Oliver Stoneís America appears in an aspect ratio of approximately 1.33:1 on this single-sided, single-layered DVD; due to those dimensions, the image has not been enhanced for 16X9 televisions. Actually, the aspect ratio varies somewhat due to all of the film clips used; most of the program features 1.33:1, but we also see some examples of 1.85:1 and 2.35:1.

Documentaries such as this can be tough to grade because of the variety of sources utilized. The only consistent component was the interview footage, which appeared to have been shot on videotape. I found that these portions presented a solid but unexceptional image. Sharpness looked fairly crisp and detailed for the most part, especially since the focus usually stayed with close-ups. However, when wider angles were used, the picture often seemed slightly soft and fuzzy.

Otherwise, the interview snippets looked fine. Colors appeared warm and accurate, and black levels were appropriately dark. The source material betrayed no evidence of noticeable flaws.

The same could not be said for the film clips, all of which displayed much more erratic quality. These often showed heavy colors and offered very heavy levels of jagged edges and moirť effects; the snippets seemed as though they suffered from excessive edge enhancement. Since most are brief, and their quality wasnít extremely important - I donít think the visual presentation is the biggest deal for this sort of documentary - the flaws werenít fatal, but I must admit the variations made it harder for me to focus on the programís content; some of the shifts were jarring enough to briefly throw me out of sync.

More consistent was the quality of the documentaryís Dolby Surround audio. Some of this consistency stemmed from the soundís lack of ambition. Not surprisingly, most of the audio was virtually monaural, since the majority of the content offered spoken comments. Movie clips offered modest stereo sound but didnít seem to represent their original tracks. The only really interesting audio came from some music added to the documentary. Those pieces provided strong stereo separation and also were reinforced nicely by the surrounds.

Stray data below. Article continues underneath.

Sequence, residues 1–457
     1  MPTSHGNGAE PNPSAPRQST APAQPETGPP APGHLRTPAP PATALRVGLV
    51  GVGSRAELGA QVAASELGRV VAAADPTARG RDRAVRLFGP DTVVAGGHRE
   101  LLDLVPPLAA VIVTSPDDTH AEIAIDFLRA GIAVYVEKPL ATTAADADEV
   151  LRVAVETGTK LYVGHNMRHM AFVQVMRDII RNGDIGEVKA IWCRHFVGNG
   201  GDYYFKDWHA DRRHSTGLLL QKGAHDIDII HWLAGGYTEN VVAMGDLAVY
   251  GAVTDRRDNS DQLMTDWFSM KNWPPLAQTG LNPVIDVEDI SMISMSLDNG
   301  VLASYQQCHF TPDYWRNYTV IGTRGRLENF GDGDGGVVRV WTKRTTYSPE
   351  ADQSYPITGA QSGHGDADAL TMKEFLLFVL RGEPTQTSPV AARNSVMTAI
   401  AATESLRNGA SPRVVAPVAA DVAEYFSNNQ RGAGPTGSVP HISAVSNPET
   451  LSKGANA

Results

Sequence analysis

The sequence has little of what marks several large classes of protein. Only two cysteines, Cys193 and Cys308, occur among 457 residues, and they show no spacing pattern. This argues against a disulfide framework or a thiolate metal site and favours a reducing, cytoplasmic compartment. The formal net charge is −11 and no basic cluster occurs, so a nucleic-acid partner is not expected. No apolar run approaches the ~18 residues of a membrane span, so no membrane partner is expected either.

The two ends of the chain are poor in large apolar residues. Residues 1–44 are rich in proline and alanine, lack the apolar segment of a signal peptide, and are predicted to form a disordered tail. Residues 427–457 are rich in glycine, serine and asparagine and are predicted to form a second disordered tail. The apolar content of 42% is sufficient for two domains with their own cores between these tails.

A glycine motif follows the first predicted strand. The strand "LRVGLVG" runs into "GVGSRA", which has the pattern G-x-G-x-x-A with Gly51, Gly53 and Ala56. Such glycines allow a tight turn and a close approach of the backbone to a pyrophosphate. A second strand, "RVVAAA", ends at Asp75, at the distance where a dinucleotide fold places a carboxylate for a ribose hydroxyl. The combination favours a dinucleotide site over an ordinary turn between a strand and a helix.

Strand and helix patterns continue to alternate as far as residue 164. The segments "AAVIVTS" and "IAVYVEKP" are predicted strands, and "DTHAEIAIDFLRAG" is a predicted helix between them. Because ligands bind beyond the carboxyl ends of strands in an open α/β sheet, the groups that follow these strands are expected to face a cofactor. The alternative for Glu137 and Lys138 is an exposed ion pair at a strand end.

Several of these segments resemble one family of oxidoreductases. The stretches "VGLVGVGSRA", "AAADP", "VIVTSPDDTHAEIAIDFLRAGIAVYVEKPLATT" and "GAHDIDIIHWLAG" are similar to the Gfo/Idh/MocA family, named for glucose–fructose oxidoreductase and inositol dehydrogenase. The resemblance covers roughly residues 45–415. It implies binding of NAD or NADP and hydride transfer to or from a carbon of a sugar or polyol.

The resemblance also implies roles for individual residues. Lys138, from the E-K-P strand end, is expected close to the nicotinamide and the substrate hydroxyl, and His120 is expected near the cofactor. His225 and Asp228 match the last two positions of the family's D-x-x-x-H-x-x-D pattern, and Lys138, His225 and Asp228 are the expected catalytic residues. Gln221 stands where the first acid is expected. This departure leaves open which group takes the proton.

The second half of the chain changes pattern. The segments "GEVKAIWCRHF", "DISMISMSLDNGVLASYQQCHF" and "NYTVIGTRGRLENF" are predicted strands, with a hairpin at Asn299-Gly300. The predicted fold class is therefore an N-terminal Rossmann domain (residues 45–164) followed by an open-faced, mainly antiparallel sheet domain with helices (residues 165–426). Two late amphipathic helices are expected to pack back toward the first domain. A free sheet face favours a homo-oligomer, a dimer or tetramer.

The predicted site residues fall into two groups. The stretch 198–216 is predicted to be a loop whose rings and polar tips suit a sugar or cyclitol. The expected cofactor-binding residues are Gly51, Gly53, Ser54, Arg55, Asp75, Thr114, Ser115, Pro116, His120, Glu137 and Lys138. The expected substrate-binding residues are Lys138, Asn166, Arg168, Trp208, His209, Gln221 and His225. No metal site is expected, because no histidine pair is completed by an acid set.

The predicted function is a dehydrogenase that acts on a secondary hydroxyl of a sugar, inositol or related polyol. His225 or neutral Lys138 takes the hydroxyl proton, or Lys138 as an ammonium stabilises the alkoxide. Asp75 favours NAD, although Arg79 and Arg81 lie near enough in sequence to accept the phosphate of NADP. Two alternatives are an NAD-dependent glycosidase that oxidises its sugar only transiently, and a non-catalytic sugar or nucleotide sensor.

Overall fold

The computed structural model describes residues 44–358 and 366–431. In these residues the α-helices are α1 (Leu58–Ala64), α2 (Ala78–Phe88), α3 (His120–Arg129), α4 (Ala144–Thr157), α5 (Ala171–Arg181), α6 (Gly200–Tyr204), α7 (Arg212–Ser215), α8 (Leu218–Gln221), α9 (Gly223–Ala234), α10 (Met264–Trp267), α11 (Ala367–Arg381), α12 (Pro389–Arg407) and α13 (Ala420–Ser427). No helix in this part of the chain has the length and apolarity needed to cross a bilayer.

Anyway, I donít fault the program for its lack of ambition, since a screaming surround track would appear inappropriate for this sort of production. Audio quality appeared fine. Most importantly, Stoneís comments were clear and distinct with no signs of edginess or problems related to intelligibility. The added score was similarly bright and rich and complemented the program nicely. All in all, the audio worked well for this sort of show.

Although America itself can be considered a supplement, it also includes some extras of its own. Most significant is Last Year In Viet Nam, a student film Stone completed after his wartime experience. Shot in black and white, the 12-minute movie is narrated in French by a woman and stars Stone himself. Since the program provides no English subtitles, I donít have the slightest idea what the woman says, but the movie itself shows Stone as he mopes around town and country. Whatís it all about? I donít have the slightest clue, but I do know we see Stoneís butt, and that was much more than I ever wanted.

In addition, the DVD features a brief text biography of Stone. Itís a pretty perfunctory affair that only provides a fairly superficial look at Stoneís life and career.

While I found Oliver Stoneís America to be a fairly interesting look at the man, I must admit it ultimately disappointed me. On its own, the program would have been compelling, but in combination with all of the audio commentaries Stone has now completed for his films, the documentary seems redundant; I heard little that Stone didnít express elsewhere, and thatís with four more commentaries to go! In the end, America was watchable and mildly provocative but not anything special.